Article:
My World: Olcay Bayır

Blessed with a heavenly voice, Olcay Bayır has been singing for as long as she can remember. She was born in Gaziantep to a Kurdish Alevi family steeped in the âşık (wandering minstrels) tradition, and her career as a classically-trained singer-songwriter is a perfect marriage of her roots and global music experiences following her move to London aged sixteen. Here she gives T‑VINE insights into her world following the release earlier this year of her second album Rüya – Dream for Anatolia.

Tell us about your family and childhood.

I’m the fifth of six children: I have three sisters and two brothers. Dad was a road-builder, so we moved around a lot with his work. I’ve lived in Mersin, Kirikkale and İzmit.

Did you always want to be a singer?

Yes. I have been singing since I knew myself. My earliest memory [of singing] is at the age of about 5 years old. I was given the opportunity to receive classical training after I came to Britain. It was not necessarily a personal choice, but I am really happy that I studied it because that discipline improved my vocal technique, and expanded my music theory and perspective as a musician. During my studies, I was also writing songs and producing music. I knew I was going to carry on doing my own music in the Anatolian folk style I feel so deeply. It was always in my mind.

How important is it for you to relate personally to what you sing about?

Very important. I should feel the song I sing. It is like clothes for me: I should fit in it, or adjust it to make it suit me by adding my own interpretation.

Rüya [Dream] – the title track of Olcay Bayır’s new album

What role does Alevism play in your life and art?

Alevism is a way of living; a belief system that has a strong bond to every aspect of our life, including music. It plays a huge role really.

Where is home now, what do you love most about the city and what do you miss about Turkey?

I live in North London, around Finsbury Park. The best thing about the city is its diversity and the opportunities it offers. You can access any kind of music and meet musicians from pretty much all over the world. It is like a miniature world here. I do miss my friends and extended family in Turkey though.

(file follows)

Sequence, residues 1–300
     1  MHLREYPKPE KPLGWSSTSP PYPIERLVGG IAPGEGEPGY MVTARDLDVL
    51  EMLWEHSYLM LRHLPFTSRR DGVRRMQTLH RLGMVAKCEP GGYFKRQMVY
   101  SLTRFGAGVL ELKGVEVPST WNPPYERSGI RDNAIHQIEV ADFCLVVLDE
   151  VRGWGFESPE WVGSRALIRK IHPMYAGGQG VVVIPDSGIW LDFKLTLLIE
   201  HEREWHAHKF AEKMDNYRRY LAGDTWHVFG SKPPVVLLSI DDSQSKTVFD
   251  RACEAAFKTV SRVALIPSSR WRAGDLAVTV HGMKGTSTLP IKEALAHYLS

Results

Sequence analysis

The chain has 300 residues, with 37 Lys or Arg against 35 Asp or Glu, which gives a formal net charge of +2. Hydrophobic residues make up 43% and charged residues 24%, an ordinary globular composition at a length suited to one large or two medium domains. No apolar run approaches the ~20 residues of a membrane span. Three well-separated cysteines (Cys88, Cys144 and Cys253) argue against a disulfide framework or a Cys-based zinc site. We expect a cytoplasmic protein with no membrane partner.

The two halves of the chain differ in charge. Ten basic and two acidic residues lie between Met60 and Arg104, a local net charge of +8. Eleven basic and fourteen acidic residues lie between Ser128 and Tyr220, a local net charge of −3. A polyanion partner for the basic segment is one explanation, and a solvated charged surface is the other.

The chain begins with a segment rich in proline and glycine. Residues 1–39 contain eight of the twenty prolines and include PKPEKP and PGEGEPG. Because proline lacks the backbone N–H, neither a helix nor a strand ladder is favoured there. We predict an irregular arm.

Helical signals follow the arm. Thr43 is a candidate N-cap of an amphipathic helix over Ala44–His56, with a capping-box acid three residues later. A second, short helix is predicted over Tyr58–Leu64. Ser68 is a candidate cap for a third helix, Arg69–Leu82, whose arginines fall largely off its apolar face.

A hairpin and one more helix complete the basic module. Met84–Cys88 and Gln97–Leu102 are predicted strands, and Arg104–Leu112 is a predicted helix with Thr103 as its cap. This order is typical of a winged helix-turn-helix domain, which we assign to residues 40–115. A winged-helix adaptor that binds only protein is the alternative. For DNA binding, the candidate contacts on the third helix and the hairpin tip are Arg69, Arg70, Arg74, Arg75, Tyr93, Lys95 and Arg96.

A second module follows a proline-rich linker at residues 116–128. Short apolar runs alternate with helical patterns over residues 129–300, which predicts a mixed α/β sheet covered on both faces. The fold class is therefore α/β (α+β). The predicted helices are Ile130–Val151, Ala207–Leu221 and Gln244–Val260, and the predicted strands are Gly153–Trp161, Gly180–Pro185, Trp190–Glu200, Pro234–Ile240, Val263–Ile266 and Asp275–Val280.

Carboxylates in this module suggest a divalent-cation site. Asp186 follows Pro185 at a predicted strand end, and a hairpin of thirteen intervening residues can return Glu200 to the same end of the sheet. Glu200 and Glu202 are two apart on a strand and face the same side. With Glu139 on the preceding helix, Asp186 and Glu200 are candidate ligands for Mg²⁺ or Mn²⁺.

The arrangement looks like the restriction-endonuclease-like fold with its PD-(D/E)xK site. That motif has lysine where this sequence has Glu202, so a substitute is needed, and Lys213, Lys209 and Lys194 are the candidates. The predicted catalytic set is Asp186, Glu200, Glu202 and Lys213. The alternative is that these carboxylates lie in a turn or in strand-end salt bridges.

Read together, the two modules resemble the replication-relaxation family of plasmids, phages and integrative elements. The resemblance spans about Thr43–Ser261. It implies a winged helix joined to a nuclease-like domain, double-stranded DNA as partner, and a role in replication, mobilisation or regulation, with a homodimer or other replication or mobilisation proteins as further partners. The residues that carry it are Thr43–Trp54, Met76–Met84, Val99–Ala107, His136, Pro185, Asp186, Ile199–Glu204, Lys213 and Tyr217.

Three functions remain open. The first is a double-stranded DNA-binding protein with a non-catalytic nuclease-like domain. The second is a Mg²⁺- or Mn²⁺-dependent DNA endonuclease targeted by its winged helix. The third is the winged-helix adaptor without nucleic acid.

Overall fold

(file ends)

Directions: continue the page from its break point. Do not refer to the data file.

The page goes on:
Where are your favourite places?

Olcay Bayır


I really love Scotland because of its nature, mountains and hills. And I really love western Turkey, with its Mediterranean culture and sea.

Tell us about a typical day in the life of Olcay Bayır.

I am a full-time musician. I am also a qualified music teacher. I teach music to small children on some days of the week. On a typical day, I wake up early, and do a little meditation. I check the news in the morning while having my coffee. Then I catch up with various tasks: emails, arrangements, etc. Afterwards, I go to work, which could include studying or teaching music during the day. In the evening, I try to socialise; I like to go out to see a concert or see a play at the theatre. Or, if I stay home, I read a book, or watch something on television.

Olcay Bayır

Have you ever been tempted to stop music or to try your hand at more commercial stuff?

I have not. I believe we must do what we love to do most in life.

How does your new album Rüya compare to your debut release Neva?

Rüya is a very different album to Neva. The only similarity is Rüya also has a strong sense of Anatolian root music. But the musicians who played on Rüya are different, the record label is different – I released Rüya on ARC Music. Most of the songs on the album are my compositions. And most importantly, the musical approach is distinct from Neva. Rüya has a more international, eclectic sound defined by fresher musical attitudes. The instruments we used on the album also vary.


What are you most proud of about this new recording?

That my song-writing ability is appreciated. This is really special for me and very encouraging as an artist, so I am really happy about it. I am also proud of the musicians that I worked with on this album and my producers [Al MacSween and Guiliano Modarelli of Kefaya].

Your album title says, ‘dream for Anatolia’. Explain why.

Anatolia is a melting pot of many cultures. It has a very old history. It is also on the Silk Road, which makes it even more interesting and unique.  All these different influences from different cultures that amalgamate to create their own shapes and unique forms. It is reflected in everything that is from this amazing region.

What is your most memorable achievement to date?

My proudest moment was hearing a cover of my song Yar Dedi. It made me cry when I heard others sing it for the first time. It was a very special moment for me.

Where next for you as an artist? Any plans for a collaboration?

I want my music to reach as many as people possible. I want to keep writing and performing my own songs and connect with different audiences. I haven’t collaborated with any famous artist, but I would really like to share the stage with [Tunisian singer and oud player] Dhafer Youssef.

Dhafer Youssef at the Oslo Jazz Festival 2015. Photo © Tore Sætre / Wikimedia, CC by 4.0

Is there anything else we should know about your world?

I think your questions cover pretty much everything. Thanks a lot for talking to me.


Rüya – Dream for Anatolia is out now on ARC Records and is also available on Spotify. Look out for Olcay’s UK tour in the autumn:

This article was first published in T-VINE Issue 11, earlier this year.